r3.0 is collaborating with the International Integrated Reporting Council (IIRC) on a White Paper on the shift from Monocapitalism to Multicapitalism: the existing economic regime focuses exclusively on financial capital, with emergent trends toward economies that integrate the multiple capitals — natural, social, human, manufactured, intellectual, and financial. Building on this concept of Multicapitalism first proposed by r3.0 Advocation Partner Mark McElroy (and fellow MultiCapital Scorecard author Martin Thomas) in 2014, r3.0 is spearheading the drafting of the White Paper that will integrate and further flesh out approaches for applying the “carrying capacities of the capitals” — or thresholds delineating the ongoing viability of ecological and social systems. The White Paper, which is due out by the end of 2019, will be vetted by project Advisors, including Eva Zabey (WBCSD); Fiona Reynolds (PRI); Veronica Poole (Deloitte); Jeremy Nichols (Social Value International); Mark Gough (Capitals Coalition); Sean Esbjorn-Hargens (MetaIntegral); and John Fullerton (Capital Institute).
“It’s been a long time coming,” writes Bill in the Author’s Foreword (quoting David Crosby) about this, our first White Paper: From Monocapitalism to Multicapitalism: 21st Century System Value Creation. More than three years, to be precise. But we think it’s worth the wait — and hope you agree! The project started as a partnership with the International Integrated Reporting Council; when we delivered the final draft, they considered it an “important and provocative paper.”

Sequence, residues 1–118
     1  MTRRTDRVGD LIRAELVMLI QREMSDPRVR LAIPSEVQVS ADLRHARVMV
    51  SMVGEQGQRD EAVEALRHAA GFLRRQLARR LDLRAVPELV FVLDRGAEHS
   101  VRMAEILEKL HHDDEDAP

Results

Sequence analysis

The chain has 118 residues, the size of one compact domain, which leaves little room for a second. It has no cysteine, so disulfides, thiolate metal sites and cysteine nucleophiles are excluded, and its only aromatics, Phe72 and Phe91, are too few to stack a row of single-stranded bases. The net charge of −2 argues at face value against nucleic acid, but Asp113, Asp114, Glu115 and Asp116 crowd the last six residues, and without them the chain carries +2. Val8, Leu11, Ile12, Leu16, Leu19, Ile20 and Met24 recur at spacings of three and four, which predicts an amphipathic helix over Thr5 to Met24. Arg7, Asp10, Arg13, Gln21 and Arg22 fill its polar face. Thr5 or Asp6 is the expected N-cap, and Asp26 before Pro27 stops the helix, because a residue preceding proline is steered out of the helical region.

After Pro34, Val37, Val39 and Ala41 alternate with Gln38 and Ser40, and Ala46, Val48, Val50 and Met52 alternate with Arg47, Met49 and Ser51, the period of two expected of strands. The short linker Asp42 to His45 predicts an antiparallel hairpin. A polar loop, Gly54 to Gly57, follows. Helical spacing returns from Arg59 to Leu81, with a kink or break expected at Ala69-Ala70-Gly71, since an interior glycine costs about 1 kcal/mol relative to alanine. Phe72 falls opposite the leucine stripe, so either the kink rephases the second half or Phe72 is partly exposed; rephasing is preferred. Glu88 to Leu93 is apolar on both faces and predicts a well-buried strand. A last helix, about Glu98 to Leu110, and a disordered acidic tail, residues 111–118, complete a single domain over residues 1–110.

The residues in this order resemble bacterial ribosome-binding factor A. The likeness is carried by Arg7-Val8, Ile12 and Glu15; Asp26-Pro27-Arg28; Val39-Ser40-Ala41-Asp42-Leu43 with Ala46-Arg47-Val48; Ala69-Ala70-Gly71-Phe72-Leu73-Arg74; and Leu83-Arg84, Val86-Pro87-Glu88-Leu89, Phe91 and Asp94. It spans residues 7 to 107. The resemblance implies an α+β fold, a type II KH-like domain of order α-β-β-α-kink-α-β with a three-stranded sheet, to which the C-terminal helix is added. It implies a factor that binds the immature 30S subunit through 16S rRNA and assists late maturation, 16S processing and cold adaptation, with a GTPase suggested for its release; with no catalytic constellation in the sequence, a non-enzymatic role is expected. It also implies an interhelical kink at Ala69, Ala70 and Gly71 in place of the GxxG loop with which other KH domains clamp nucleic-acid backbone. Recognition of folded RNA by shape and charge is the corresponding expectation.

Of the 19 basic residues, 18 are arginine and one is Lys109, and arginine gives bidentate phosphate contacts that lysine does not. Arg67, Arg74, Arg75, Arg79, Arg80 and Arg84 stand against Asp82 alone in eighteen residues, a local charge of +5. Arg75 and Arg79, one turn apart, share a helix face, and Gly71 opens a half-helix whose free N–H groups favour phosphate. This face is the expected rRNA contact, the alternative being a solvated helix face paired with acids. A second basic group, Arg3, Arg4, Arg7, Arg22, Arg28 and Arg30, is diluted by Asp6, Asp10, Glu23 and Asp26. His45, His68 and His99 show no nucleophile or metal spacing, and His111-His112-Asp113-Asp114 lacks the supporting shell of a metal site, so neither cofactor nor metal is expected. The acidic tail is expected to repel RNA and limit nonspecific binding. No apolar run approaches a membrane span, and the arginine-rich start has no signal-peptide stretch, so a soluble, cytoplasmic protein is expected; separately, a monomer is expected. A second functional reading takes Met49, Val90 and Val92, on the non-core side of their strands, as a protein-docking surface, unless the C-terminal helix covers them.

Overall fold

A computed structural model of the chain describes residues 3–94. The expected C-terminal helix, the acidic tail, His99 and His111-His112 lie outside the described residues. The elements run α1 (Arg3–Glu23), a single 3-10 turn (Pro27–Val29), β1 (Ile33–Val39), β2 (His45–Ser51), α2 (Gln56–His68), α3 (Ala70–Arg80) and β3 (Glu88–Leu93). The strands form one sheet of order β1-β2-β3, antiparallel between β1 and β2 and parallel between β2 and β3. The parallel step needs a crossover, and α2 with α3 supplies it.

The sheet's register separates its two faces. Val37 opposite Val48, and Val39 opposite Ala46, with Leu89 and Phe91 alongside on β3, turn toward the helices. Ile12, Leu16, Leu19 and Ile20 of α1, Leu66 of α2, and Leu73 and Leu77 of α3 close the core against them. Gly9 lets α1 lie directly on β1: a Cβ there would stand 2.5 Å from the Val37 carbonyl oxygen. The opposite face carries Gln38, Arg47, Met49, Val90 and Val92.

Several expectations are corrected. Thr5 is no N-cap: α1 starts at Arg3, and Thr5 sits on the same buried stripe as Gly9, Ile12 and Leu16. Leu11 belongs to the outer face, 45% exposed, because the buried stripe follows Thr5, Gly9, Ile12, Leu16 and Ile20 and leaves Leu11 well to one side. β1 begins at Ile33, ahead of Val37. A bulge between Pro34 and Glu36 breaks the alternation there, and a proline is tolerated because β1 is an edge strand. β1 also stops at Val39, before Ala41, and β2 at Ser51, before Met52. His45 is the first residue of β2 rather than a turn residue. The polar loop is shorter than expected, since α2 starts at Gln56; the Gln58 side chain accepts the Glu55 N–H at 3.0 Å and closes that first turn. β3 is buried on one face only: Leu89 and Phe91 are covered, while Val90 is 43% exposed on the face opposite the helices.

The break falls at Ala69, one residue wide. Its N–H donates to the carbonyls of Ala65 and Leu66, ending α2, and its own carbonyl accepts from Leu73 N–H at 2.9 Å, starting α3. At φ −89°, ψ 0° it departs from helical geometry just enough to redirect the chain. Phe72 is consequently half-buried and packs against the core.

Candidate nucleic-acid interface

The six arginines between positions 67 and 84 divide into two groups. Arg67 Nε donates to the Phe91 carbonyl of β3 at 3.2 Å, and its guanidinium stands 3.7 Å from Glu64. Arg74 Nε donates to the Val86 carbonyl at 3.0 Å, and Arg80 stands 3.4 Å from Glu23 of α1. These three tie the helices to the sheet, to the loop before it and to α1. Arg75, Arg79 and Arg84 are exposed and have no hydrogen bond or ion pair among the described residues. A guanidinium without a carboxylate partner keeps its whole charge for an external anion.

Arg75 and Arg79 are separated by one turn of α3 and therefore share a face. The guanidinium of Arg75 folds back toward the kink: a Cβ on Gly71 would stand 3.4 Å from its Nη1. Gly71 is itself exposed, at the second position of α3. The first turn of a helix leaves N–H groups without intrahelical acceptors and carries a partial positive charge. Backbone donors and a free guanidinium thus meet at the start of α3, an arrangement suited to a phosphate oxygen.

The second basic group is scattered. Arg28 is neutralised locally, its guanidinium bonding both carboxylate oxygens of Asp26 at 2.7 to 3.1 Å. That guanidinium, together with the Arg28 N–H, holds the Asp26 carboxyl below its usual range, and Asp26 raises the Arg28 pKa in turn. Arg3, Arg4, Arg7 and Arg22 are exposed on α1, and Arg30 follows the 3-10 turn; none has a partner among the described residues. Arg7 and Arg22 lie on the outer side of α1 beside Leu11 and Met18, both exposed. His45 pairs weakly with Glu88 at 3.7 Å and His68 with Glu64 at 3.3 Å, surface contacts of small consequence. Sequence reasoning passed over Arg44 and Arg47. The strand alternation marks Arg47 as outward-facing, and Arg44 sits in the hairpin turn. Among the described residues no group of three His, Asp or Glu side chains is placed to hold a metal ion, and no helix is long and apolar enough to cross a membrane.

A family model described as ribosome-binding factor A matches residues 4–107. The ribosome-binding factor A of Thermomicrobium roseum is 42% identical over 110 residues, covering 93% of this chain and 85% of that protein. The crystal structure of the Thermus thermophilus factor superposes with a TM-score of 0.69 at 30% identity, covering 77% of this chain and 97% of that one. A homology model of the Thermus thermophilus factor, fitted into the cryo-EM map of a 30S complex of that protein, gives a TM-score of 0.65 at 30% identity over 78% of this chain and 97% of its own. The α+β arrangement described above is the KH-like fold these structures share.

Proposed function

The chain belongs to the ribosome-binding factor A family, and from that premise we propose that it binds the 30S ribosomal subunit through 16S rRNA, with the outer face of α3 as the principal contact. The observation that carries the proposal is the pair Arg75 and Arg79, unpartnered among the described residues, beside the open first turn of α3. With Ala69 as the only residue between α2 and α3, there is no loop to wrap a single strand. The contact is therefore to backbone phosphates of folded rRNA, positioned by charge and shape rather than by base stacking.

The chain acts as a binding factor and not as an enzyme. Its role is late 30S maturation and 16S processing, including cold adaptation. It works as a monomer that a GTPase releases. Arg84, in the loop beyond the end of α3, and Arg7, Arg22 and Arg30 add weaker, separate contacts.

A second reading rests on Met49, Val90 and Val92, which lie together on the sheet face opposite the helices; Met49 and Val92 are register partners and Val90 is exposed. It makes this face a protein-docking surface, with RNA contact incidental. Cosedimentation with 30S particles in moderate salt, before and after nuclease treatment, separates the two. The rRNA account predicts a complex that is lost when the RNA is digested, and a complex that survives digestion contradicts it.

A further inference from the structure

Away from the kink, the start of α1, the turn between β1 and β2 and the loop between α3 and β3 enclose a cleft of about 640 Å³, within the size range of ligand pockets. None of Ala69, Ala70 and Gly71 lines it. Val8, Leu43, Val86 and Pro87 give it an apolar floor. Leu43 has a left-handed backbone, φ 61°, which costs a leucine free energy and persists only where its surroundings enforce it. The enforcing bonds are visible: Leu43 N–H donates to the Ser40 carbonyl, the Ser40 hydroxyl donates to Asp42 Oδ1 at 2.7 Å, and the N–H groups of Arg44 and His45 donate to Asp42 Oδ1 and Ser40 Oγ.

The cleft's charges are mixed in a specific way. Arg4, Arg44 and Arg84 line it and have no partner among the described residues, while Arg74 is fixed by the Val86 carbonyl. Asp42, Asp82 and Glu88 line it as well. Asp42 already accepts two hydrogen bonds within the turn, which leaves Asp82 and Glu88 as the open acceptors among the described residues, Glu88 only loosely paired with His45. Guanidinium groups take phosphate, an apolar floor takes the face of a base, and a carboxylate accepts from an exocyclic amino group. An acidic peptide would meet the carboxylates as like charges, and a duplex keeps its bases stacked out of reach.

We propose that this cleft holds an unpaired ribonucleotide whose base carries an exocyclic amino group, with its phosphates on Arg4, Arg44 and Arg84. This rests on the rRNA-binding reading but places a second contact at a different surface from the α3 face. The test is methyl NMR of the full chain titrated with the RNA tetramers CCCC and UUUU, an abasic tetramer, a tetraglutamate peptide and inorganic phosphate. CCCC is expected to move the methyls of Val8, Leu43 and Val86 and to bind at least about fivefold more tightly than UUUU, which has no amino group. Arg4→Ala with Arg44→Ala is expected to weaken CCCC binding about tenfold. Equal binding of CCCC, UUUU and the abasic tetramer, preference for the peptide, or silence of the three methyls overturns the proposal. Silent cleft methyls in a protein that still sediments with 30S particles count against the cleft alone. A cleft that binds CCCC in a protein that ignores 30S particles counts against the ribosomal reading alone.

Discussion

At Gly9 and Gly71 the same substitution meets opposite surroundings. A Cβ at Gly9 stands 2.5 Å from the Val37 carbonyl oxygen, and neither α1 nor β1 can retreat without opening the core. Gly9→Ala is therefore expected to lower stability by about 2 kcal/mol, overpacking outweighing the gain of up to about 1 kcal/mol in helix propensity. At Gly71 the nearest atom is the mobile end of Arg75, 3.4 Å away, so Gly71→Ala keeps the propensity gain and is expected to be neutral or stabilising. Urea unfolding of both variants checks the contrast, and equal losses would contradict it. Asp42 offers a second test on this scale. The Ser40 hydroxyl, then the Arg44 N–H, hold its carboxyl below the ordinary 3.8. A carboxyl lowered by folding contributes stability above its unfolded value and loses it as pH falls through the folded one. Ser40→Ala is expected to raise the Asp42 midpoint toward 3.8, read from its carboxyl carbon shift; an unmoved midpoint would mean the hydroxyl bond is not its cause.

So provocative, in fact, that IIRC recognized they would need to request significant changes to be able to publish it under their name, and they showed respect by refraining from asking us to dilute the message to satisfy their more conservative base, and instead invited us to publish it solo.
We believe this is an integral part of the story of this paper: Multicapitalism, the concept conceived by our Advocation Partner Mark McElroy (and his partner Martin Thomas) predicated on the fact that the multiple capitals all have carrying capacities, is an inherently provocative notion that challenges the core underpinnings of status quo Monocapitalism, with its commitment to shareholder primacy, perpetual growth, and privatization of value.
We believe that if political expedience requires us to disregard the carrying capacities of the capitals, then we must reject this “political world” (to quote Bob Dylan, as the White Paper does), and instead embrace the “material world” (more like George Harrison’s than Madonna’s) that reconciles thermodynamic realities with ethical imperatives — as this Multicapitalism White Paper does. Enjoy!